In her recent collaboration with Amanda Manton, the acoustic "Shadows", Dizzy's raw talent jumps from the speakers in her heart-crushing harmonies and the way her rap effortlessly leaps musical genres.

I'm walking down the dark road, surrounded by death
I close my eyes and I take a real deep breath
I've got a real strong, sharp pain in my chest
And I'm feeling real scared for what's coming next
See I don't know how long I've got left
And I don't know how I got myself into this mess

I've had too many losses and not enough wins
Please Lord forgive me for all of my sins
My wings have been burnt so many times
Been neglected and abused and told so many lies
No words can express the stress that I feel
I train till I feel pain so I can heal
It's been revealed, just follow the arrows
It's time for me to deal with the demons and the shadows

My blood is boiling but my body is frozen
My face is bleeding and my eyes keep closing
I want to be blessed to see the next tomorrow
Please bring me out of my dark, dark shadow

"'Shadows' is the most recent collaboration I have done," says Dizzy. "It's a beautiful acoustic song. Amanda came to me with a half-written song, so I put the final touch to it. We both are harmonising with each other and I'm rapping the deep lyrics as well. This song is about dealing with your demons in the shadows.

“Our shadow follows us everywhere we go, so we must protect it from bad energy. It's within the dark shadows we must bring the light. When I refer to demons, that could mean bad memories tormenting you, bad influences, bad energy, your demon could be your greatest fear - whatever is holding you back, let go of it and heal. That's basically what the concept is about."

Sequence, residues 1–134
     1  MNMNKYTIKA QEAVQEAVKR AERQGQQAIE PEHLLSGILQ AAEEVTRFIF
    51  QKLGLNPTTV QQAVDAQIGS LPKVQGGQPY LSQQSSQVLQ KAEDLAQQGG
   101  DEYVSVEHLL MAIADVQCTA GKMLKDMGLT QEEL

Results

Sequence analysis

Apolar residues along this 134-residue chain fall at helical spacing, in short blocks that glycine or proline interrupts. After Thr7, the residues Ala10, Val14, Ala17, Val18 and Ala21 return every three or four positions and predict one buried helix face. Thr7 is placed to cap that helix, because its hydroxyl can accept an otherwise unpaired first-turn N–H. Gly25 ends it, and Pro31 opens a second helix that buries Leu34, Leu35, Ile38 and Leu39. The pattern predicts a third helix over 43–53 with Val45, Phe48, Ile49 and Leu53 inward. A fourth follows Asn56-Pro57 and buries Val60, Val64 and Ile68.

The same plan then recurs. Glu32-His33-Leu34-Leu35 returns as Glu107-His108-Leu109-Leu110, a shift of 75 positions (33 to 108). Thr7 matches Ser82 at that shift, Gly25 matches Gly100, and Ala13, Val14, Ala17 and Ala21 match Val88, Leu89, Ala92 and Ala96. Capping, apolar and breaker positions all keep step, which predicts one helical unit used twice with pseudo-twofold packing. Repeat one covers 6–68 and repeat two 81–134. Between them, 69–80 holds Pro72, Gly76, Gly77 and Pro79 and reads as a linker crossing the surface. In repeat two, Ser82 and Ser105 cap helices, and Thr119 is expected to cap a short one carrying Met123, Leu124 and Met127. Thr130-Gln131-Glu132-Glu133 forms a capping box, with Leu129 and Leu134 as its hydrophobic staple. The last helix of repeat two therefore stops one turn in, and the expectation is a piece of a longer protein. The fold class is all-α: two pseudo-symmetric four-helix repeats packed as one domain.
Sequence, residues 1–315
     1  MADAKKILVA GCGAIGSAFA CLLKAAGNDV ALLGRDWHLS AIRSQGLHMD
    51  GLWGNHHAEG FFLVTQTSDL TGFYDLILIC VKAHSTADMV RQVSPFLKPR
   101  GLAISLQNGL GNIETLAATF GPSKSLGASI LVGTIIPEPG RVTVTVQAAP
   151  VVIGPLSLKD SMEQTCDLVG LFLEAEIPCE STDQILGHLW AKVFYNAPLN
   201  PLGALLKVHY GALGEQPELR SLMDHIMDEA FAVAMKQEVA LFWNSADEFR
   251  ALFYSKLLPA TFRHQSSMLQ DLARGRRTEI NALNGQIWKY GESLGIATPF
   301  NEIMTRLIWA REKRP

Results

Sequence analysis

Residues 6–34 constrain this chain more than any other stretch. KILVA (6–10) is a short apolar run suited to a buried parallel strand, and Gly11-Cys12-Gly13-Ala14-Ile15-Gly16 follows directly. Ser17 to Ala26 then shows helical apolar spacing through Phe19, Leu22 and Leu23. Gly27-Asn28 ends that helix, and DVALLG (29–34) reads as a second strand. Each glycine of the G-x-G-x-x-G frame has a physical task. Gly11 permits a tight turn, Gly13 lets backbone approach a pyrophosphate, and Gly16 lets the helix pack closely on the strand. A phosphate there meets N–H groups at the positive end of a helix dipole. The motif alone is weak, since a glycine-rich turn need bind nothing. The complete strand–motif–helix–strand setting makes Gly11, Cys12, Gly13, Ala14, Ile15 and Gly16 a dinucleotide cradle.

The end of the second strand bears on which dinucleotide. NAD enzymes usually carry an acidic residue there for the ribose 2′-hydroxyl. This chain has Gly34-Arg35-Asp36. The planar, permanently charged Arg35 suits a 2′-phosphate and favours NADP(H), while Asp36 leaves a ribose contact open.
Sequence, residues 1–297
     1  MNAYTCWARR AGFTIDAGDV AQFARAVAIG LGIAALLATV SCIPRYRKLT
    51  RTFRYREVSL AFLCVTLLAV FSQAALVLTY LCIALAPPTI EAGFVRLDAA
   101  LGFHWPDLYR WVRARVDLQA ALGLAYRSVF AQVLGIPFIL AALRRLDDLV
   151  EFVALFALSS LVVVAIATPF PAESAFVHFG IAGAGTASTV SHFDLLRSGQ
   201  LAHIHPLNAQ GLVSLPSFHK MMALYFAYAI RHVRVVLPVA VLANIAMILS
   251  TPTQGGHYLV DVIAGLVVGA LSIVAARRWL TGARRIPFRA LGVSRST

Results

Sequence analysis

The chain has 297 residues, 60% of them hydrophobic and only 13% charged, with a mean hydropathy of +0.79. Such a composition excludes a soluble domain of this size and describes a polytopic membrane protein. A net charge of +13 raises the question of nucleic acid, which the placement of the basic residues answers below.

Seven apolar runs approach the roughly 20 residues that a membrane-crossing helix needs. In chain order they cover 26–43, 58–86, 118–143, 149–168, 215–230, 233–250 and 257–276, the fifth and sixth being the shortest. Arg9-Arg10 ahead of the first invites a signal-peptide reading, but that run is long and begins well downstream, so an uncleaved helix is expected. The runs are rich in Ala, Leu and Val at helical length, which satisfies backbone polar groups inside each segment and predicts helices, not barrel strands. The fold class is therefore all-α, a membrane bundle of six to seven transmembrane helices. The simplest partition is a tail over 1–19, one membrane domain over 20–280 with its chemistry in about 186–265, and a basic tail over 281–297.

Having battled her own demons, Dizzy is helping others do the same. She flew into Sydney a few days before Yabun to help with the Young, Black and Deadly hip-hop mentoring programme.

"I absolutely love working with the kids and teens, passing on my knowledge and teaching them the skills - that, I know, is very rewarding," she says. "These kids are our next generation, so I think it's very important that these workshops are available for them 'cause through music and dance we can connect with the young people and give them the opportunity to express themselves. I have done many workshops in remote communities as well and through my journeys I have seen so much amazing talent."

She also works as a mentor with Vibe 3on3 travelling workshops. "Vibe 3on3 is a national Indigenous 3on3 basketball and hip-hop challenge," she says. "It's a travelling festival which goes to many different places all around the country. The event is focused on our youth and getting them to engage in sports and creative activities such as rapping workshops, hip-hop and breakdancing lessons, art workshops, dance comps and a 3on3 basketball round robin.

"Vibe also has a health expo to promote healthy living. I've been working with Vibe over the past five years and it's been a great experience to travel with them. I didn't' have workshops when I was growing up. Kids are lucky these days."

As a teen, Dizzy found conquering her shyness a real challenge, a subject she tackles in one of her strongest songs, "No Shame".

"'No shame' was one of the first songs I wrote when I began getting serious about my career," she says. "In my teenage years I was very shy - at first - to perform in front of a big audience, so I decided to write this song to help me break out of my shell. I started singing about having no shame and eventually I had no shame to get to where I'm at today. Even though it's an old song, it's still one of my personal favourites."

I love to rage, I love to rap on stage
I love to write and put my pen to page
I'm cruizin' to the top on an elevator
Full damn speed on the accelerator

Comin' at ya fast like a terminator
Disappear like a freak, damn, see ya later
Better watch ya back when ya 'bout to speak
Coz Dizzy Doolan 'bout to make everybody freak

I'm gonna teach all you fellas a lesson
I'm gonna make sure that you won't be forgettin'
Dizzy Doolan with a capital D
Coz I float like a butterfly and sting like a bee